Yaw control has shown great potential as a method for increasing the power output of wind farms but there have been relatively few efforts to model the dynamic behavior of an array of dynamically yawing turbines. When a turbine is dynamically yawed, the wake created by that turbine is deflected and its shape changes, which also affects the dynamics of turbines that encounter the changed wake downstream. To capture these dynamics, we model the wind farm as a graph in which each turbine is a node and the dynamic changes in wake interactions between turbines within the farm are represented through time-varying edge weights. These edge weights are represented using a normalized velocity deficit coefficient describing the individual velocity deficits between each pair of turbines. The deficits are then superposed linearly to find the local velocity at each turbine, according to the relationships defined by the graph. This enables us to estimate the time-varying effect of dynamic yawing at each turbine and to determine the impacts on the overall farm power output. As a first step, the model is validated through comparisons to statistically steady state results from large eddy simulations.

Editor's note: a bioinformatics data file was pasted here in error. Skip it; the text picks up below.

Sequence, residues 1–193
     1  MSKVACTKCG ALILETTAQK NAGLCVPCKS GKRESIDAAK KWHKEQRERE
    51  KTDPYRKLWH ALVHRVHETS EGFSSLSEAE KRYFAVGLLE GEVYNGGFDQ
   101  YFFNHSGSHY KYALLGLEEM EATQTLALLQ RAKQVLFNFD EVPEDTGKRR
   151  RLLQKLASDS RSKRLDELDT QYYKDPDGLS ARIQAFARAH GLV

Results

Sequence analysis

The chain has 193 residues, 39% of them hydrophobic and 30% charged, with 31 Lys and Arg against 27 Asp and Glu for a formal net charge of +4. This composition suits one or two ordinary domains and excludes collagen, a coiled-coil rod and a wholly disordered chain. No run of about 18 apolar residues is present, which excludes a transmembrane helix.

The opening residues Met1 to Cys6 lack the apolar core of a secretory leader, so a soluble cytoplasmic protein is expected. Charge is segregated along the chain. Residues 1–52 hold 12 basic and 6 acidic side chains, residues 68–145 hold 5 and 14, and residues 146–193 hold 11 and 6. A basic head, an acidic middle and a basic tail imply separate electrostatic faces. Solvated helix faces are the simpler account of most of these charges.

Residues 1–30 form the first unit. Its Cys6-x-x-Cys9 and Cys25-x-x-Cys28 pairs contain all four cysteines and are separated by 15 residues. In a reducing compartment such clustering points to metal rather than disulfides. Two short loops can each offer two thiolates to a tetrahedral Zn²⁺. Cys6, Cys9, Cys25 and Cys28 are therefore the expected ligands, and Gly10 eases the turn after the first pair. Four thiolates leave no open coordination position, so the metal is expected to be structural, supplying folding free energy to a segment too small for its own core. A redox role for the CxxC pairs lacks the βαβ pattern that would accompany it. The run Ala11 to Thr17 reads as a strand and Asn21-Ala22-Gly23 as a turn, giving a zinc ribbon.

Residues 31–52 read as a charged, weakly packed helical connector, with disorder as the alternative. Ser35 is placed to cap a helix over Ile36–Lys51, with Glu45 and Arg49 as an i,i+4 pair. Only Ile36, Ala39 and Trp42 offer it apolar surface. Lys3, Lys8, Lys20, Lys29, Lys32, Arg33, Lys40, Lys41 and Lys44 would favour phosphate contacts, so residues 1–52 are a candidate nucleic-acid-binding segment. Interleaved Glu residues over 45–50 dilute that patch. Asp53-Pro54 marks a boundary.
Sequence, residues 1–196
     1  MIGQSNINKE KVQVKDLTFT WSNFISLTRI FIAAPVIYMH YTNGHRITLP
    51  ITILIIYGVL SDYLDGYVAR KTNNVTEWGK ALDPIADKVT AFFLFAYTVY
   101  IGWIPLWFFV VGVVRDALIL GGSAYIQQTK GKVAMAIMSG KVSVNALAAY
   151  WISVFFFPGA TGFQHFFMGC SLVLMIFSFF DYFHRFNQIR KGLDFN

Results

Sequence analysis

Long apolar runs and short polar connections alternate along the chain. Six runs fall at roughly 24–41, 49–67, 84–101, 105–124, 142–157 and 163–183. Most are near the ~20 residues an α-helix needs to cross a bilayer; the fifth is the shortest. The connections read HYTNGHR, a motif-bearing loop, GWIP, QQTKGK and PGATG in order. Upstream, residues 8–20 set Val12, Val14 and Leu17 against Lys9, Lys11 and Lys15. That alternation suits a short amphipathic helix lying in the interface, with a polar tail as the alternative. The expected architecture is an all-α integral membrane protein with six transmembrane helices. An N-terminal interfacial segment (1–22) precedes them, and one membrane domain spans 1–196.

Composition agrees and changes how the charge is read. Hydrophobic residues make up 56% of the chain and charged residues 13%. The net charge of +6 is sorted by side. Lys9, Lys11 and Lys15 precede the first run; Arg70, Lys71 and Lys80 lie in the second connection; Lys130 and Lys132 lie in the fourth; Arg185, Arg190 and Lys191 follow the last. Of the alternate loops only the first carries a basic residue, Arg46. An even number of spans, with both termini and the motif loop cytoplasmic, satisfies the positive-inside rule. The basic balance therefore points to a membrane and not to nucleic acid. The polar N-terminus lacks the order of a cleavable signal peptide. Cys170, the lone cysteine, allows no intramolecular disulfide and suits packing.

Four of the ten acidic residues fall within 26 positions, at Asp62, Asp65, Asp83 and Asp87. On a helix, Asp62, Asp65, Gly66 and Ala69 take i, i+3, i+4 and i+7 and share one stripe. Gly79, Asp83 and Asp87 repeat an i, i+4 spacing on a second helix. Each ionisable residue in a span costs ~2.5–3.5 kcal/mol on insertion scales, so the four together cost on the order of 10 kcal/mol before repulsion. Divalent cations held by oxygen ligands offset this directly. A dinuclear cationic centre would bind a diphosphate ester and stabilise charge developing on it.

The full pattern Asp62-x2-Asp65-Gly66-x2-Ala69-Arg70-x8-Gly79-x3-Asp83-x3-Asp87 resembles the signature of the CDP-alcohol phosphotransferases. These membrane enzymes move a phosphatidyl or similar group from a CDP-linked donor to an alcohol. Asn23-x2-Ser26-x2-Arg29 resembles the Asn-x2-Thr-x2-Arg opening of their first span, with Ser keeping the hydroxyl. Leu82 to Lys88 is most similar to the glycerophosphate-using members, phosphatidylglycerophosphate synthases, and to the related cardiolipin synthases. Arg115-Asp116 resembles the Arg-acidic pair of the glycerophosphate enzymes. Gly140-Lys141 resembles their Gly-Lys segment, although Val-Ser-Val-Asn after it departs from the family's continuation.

A Graph Theory Based Approach to Modeling Dynamic Wind Turbine Yaw
Genevieve M Starke, Johns Hopkins UniversityAuthors: Genevieve M. Starke, Charles Meneveau, Jennifer R. King, and Dennice F. Gayme
2022 AWM Research Symposium
Systems and Control